for salt: in Japan and other areas where Japaneseo currency is used,
larg,.ly account for the reduction in the quantity of cotton manu-
factured by Japanese mills during the owrr~nt season.

ACREAGE PRODUCTION STOCKS AND SUPPLIES

American Cotton: "Free" stocks snall despite
record high total

Domestic stocks of American cotton totaled approximately 15
million running bales on May 1. This was 1,800,000 bales large-r than
on May 1 last year when stocks were the largest for the period in
history un to that time. Total domestic stocks as of May 1 this year
were 85 percent above the average for the 10 years ended 1937. Of
the total stocks on May 1 this year about 11,370,000 bales were held
as collateral against Government loans, leaving only a little more
than 3,650,000 bales of so-called "free" American cotton. This re-
presented a decline of 42 percent below "free" stocks as of May 1
last year and 34 percent below the average of such stocks as of
May 1 during the preceding 10 years. Stocks of American cotton in
foreign countries on May 1 this year were probably about two-thirds
as l r. as a :i;ar i.arlit.r and only about half the May 1 average
for the past 10 years.

Most of the 1939 American crop has been planted but there will
be no official acreage estimate until July 8. Practically all of the
private estimates which have aop:cared in the press have placed the
acreage below the national acreage allotment of about 27T million
acres. The national acrEagi. allotment was approximately the same this
Earff.Liaslst.The latest official ostimatc of the area planted in 1938
was 25,018,000 acres. Weather conditions in the Cotton Belt during
the 2 wefks ended May 24 (exce-t for low tennmratures during a part
of the pc.riod were mostly favorable to the crop, according to re-
leases by the Weather Bureau.


OS-31







- 20 -


Foreign Cotto n: Early oorts. indicate reduced
113^ azgr rdlLo ia -tIn A zi l na

As indicated last month, it is expected that the 1939 cotton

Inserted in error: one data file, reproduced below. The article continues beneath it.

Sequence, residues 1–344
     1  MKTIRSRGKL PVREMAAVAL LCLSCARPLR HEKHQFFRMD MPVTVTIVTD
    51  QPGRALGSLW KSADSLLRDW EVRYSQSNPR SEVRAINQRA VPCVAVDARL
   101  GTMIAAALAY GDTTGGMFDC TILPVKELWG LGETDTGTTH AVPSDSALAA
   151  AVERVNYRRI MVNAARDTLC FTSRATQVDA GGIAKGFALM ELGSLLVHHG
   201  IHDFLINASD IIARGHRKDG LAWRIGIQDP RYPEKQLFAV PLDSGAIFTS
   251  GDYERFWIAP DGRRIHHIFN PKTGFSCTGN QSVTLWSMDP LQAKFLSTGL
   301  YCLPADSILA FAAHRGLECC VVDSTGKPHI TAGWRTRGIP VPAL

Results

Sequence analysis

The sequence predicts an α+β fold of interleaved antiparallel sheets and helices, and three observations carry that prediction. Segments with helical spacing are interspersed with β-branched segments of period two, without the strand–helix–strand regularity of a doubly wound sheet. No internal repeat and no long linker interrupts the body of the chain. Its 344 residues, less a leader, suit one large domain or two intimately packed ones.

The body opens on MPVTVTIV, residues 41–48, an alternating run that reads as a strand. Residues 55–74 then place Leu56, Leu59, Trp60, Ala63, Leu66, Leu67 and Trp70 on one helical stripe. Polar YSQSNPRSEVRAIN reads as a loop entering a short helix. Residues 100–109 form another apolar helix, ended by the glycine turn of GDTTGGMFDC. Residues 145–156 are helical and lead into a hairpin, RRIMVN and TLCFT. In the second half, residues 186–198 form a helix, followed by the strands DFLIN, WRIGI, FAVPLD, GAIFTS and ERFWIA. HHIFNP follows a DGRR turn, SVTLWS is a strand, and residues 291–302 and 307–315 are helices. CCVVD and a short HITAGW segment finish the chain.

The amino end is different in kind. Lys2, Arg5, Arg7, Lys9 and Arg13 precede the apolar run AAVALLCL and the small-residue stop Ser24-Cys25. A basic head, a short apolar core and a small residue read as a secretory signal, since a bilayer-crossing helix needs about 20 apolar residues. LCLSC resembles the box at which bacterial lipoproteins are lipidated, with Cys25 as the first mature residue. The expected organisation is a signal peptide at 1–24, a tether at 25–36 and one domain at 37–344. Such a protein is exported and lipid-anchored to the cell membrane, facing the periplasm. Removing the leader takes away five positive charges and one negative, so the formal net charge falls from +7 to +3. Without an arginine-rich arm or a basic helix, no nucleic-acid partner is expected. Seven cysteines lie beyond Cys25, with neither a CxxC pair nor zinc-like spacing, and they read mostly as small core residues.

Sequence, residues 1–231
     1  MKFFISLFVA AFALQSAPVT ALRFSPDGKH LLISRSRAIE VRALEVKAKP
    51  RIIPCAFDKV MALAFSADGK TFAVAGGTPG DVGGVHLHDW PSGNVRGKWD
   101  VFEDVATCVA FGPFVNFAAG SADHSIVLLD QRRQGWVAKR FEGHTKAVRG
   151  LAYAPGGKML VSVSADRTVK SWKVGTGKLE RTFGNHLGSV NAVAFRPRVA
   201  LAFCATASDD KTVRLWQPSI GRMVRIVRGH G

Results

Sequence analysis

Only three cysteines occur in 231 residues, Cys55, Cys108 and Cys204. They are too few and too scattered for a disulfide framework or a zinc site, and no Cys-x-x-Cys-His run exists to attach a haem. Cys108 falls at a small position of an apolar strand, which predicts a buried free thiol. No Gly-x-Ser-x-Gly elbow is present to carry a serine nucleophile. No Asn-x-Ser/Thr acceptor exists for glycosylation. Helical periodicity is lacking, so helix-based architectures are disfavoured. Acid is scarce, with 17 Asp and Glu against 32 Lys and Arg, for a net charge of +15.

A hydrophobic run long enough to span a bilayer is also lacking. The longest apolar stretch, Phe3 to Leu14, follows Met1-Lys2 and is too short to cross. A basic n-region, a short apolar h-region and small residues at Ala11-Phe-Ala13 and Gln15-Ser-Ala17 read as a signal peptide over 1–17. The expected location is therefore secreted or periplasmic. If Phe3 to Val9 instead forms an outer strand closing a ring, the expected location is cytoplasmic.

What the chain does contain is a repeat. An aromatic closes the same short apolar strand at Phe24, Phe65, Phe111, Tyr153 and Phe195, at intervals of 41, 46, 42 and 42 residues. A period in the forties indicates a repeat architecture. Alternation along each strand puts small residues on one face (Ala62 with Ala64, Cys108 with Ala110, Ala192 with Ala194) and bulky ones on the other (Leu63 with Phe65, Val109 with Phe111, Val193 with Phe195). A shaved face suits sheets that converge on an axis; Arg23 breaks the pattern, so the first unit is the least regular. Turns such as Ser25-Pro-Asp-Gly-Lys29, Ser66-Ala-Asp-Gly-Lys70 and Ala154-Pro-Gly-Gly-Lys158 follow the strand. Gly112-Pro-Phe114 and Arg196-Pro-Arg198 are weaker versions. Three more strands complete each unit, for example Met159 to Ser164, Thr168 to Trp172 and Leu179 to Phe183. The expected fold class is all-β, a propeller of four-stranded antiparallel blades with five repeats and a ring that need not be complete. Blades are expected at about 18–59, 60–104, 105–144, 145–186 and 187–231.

acreage in Egypt will probably be somewhat smaller than that of last
year, according to information furnished by the American Consulate at
Oairo. This would follow a reduction of 10 percent in acreage plant-
ed in 1938 as compared with 1937. Yields per acre in Egypt in 1938
were 12 percent-below the average for the preceding 10 years. It
is guite possiTl.E-hawever, that ibigheryiad.sA may result this year
in.-a crop-tqal. to.or-msterLaU7y In excess of that of 1938, despite
a-reduction .in. acraage -

"Present indications point -to a somewhat smaller-Chinese crop
ti'n-j 19 -than in 1938 according to a recent radiogram froai AgriculturaL
Ccanrisi-one O,..-.L..Dawson at.Shanghai, This is based in part upon
indications that dry weather.has a eely afferted cotton planting
.inm .Morh. Ohi na..

No- materiaL change is o--pected.in tha-1939 co-tton.acrsage of
t-hbUS,.SE.., according to the most -recent information .recatved from-
that country. Th- planned-acreag.--f the collective farms which ao-
Scount for-practically all of the-cotton area of the Union is said to-.
b4 about 4,942,000 acres as compared with 4893,000 scres in 1938,


CS-31






Table 4.-Cotton: Exports from specified countries, specified seasons


Season :
ended :


Foreign countries producing 95 percent or more of the
total annual foreign production since 1920


July 31 : : :Anglo-:Argon-: : : : : : : :